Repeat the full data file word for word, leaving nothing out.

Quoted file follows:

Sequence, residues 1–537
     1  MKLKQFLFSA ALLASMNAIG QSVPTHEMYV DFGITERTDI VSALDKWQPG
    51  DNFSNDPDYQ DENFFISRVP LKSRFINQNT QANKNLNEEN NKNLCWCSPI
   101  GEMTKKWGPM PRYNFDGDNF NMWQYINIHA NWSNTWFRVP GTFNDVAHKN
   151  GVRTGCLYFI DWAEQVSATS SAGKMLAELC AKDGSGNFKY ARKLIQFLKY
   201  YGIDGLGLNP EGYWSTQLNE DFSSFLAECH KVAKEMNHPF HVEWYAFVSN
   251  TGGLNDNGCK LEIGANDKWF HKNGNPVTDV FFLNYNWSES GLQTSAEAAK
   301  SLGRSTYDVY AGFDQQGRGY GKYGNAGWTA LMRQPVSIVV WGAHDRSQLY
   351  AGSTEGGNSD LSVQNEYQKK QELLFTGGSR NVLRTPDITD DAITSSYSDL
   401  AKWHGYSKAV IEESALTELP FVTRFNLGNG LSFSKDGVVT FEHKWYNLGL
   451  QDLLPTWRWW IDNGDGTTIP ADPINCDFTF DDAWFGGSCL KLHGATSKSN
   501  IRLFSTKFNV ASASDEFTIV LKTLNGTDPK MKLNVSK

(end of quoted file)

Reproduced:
Sequence, residues 1–537
     1  MKLKQFLFSA ALLASMNAIG QSVPTHEMYV DFGITERTDI VSALDKWQPG
    51  DNFSNDPDYQ DENFFISRVP LKSRFINQNT QANKNLNEEN NKNLCWCSPI
   101  GEMTKKWGPM PRYNFDGDNF NMWQYINIHA NWSNTWFRVP GTFNDVAHKN
   151  GVRTGCLYFI DWAEQVSATS SAGKMLAELC AKDGSGNFKY ARKLIQFLKY
   201  YGIDGLGLNP EGYWSTQLNE DFSSFLAECH KVAKEMNHPF HVEWYAFVSN
   251  TGGLNDNGCK LEIGANDKWF HKNGNPVTDV FFLNYNWSES GLQTSAEAAK
   301  SLGRSTYDVY AGFDQQGRGY GKYGNAGWTA LMRQPVSIVV WGAHDRSQLY
   351  AGSTEGGNSD LSVQNEYQKK QELLFTGGSR NVLRTPDITD DAITSSYSDL
   401  AKWHGYSKAV IEESALTELP FVTRFNLGNG LSFSKDGVVT FEHKWYNLGL
   451  QDLLPTWRWW IDNGDGTTIP ADPINCDFTF DDAWFGGSCL KLHGATSKSN
   501  IRLFSTKFNV ASASDEFTIV LKTLNGTDPK MKLNVSK